Potentially dangerous chemicals found in fast-food wrappers, researchers say
For more than three decades, fast-food chains have relied on the chemical industry to keep grease and oil from soaking through burger wrappers, french fry cartons and pizza boxes.
Few questioned the safety of the specially coated food packaging until the early 2000s, when lawsuits uncovered the history of a class of chemicals that were widely used in consumer goods with practically no government oversight.
Researchers slowly began to realise that many of those compounds, known as perfluorinated chemicals (PFCs), break down in people’s bodies to a chemical called PFOA that lingers in the bloodstream for years. Other studies determined that PFOA can cause cancer, damage the liver, trigger reproductive problems and scramble hormones during critical stages of development.
It turned out food wrappers were a major source of exposure. Under oath, a former DuPont chemist described how customers ingested the chemicals every time they ate a french fry.
McDonald’s, Burger King and other chains pledged to stop using the chemicals, and manufacturers began to phase them out. Last year, the US Food and Drug Administration banned the use of three PFCs in food packaging.
But some fast-food restaurants continue to rely in part on grease-resistant packaging made with structurally similar chemicals that remain largely unknown to independent researchers, many of whom are concerned about potential health risks.
lected from McDonald’s, Burger King, Starbucks and other restaurants contained fluorine, a key building block in PFCs. Some contained traces of PFOA, one of the chemicals banned by the FDA.
The study, published Wednesday in the peer-reviewed journal Environmental Science & Technology Letters, highlights the long, often difficult process of identifying new chemicals in the marketplace and determining if they can cause harm. It also raises questions about corporate branding. McDonald’s and Burger King, for instance, have promoted their packaging as “PFOA-free,” meaning it doesn’t contain banned PFCs.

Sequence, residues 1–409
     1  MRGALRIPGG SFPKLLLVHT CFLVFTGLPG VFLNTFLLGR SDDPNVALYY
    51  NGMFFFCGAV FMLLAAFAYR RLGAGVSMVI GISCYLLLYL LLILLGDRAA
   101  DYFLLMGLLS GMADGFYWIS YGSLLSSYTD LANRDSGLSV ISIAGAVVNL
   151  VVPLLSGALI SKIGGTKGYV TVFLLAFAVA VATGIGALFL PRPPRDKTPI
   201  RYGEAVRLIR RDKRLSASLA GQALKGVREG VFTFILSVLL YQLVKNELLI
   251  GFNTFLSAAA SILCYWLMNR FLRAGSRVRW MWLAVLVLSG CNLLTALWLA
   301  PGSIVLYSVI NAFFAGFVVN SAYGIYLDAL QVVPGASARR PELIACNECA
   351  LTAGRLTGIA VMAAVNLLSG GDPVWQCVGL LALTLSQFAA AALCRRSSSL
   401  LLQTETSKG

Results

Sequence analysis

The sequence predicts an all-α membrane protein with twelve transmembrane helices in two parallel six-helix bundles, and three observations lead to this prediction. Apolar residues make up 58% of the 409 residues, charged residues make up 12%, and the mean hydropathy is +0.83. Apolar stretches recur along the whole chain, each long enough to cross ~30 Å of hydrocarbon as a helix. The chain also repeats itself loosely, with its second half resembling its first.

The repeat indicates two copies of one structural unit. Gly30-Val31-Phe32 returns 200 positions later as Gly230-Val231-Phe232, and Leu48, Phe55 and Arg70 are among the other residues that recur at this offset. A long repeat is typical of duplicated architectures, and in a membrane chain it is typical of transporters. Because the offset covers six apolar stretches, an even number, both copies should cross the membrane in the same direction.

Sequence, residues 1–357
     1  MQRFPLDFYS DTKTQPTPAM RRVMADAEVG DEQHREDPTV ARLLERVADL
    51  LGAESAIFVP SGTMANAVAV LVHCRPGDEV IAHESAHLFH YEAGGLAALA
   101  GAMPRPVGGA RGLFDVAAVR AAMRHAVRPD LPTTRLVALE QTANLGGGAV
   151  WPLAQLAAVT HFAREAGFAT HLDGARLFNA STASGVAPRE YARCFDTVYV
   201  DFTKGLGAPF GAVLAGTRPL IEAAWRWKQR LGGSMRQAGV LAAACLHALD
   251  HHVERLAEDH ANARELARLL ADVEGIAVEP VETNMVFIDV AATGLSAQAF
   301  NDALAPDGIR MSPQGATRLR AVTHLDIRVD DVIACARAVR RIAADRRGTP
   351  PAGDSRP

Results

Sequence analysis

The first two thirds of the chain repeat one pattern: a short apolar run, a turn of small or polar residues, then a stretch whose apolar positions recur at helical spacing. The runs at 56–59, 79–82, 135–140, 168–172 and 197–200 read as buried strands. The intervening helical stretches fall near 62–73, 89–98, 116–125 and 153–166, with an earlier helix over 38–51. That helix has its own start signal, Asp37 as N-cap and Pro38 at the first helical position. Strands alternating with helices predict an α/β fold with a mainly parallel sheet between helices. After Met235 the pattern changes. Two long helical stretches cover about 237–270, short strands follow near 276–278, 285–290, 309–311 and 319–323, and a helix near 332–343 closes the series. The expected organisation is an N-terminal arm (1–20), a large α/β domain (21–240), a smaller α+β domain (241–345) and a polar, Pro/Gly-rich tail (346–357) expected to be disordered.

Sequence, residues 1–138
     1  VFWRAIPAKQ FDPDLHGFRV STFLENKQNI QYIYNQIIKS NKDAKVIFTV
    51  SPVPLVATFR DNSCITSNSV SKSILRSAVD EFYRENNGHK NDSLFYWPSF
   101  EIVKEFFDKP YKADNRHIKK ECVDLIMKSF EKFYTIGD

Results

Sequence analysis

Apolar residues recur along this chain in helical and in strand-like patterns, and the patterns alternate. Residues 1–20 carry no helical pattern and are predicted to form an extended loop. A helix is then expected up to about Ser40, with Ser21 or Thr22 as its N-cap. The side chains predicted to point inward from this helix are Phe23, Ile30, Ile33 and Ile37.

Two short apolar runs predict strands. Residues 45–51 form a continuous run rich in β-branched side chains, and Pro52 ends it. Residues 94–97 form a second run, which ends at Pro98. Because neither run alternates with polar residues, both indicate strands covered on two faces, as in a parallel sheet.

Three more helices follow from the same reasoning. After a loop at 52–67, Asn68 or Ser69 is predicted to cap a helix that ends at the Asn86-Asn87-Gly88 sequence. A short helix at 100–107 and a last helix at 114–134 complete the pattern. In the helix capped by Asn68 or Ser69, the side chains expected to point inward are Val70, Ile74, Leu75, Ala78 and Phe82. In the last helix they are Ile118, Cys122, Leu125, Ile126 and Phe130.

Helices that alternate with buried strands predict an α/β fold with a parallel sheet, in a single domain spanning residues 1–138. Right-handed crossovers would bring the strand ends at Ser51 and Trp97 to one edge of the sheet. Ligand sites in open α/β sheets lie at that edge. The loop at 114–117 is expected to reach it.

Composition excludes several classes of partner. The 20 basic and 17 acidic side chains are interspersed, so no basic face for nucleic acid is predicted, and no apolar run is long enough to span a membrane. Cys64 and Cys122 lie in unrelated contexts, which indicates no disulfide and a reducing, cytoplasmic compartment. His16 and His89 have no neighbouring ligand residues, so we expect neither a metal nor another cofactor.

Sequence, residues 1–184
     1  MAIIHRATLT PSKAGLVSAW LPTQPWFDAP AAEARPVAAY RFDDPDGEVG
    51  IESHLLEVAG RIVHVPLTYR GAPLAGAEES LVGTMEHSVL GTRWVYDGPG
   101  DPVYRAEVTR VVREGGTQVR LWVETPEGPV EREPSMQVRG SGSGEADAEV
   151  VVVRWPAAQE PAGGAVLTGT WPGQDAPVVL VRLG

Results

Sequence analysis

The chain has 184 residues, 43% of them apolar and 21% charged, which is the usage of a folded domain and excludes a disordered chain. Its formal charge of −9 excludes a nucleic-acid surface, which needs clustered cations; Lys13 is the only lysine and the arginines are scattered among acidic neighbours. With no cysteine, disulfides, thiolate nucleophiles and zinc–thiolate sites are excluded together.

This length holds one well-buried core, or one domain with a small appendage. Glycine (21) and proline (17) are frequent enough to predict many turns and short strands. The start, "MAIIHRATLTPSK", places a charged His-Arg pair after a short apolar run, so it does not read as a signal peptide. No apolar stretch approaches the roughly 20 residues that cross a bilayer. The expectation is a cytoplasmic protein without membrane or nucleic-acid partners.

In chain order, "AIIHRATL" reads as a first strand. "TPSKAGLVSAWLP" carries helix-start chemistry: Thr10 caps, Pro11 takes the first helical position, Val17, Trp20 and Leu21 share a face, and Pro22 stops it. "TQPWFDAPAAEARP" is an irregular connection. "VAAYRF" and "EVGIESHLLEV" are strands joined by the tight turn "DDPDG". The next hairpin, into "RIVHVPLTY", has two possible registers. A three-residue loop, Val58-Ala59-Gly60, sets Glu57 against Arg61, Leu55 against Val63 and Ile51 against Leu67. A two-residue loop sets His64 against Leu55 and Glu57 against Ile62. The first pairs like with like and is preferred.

Fluorine, however, was detected in samples collected from both chains — indicating companies have embraced chemicals related to PFOA.
“We just don’t know enough about the safety of these new chemicals,” said David Andrews, a senior scientist at the Environmental Working Group who co-authored the study with researchers from federal and state agencies, universities and other nonprofit organisations. “Since there are other options out there, this should be a wake-up call for these companies.”
PFOA and related chemicals were used for decades to make Teflon, the nonstick coating pioneered by DuPont, and thousands of other products that resist stains, grease and water. Manufacturers say their replacements, described as “short-chain” because they contain fewer fluorine-carbon bonds than PFOA, offer the same benefits but leave the body faster and are considerably less toxic.
“Any further regulation of modern-day short-chain food packaging materials is unnecessary and would provide no further benefits to human health or the environment,” the American Chemistry Council, the industry’s chief trade group, said in a statement.
Fast-food chains couldn’t immediately be reached for comment. When researchers attempted to find out if they were aware of PFCs in their packaging, two unnamed companies said they believed their packaging was PFC-free even though it wasn’t, according to the study.
Many of the wrappers and cartons tested did not contain the chemicals. The study’s authors suggested that could indicate restaurants obtain packaging from different suppliers, some of which use alternative methods to make paper grease-resistant.
The presence of PFOA, the banned PFC, in some packaging could have come from recycled paper, researchers said.
Several environmental scientists pointed to a replacement chemical developed by DuPont as an example of a questionable alternative. In documents submitted to the Environmental Protection Agency between 2006 and 2013, DuPont reported the chemical, branded as GenX, caused some of the same health problems in laboratory rats that PFOA does, including cancer and reproductive problems. Company scientists downplayed the findings by saying they weren’t relevant to humans, echoing what DuPont had said earlier about PFOA.
“If we can all agree that PFOA is hazardous, but then we test its replacements with basically the same assays that gave it a ‘passing grade,’ aren’t we missing something?” said Laura Vandenberg, a researcher at the University of Massachusetts-Amherst who was not involved in the new study.
More research is needed on the potential hazards of short-chain PFCs at levels similar to how people might be exposed to the chemicals, Vandenberg and others said. But that work can take years, in part because the identities of many chemicals are considered trade secrets and manufacturers aren’t required to tell the FDA or EPA when they are used in food packaging or other products.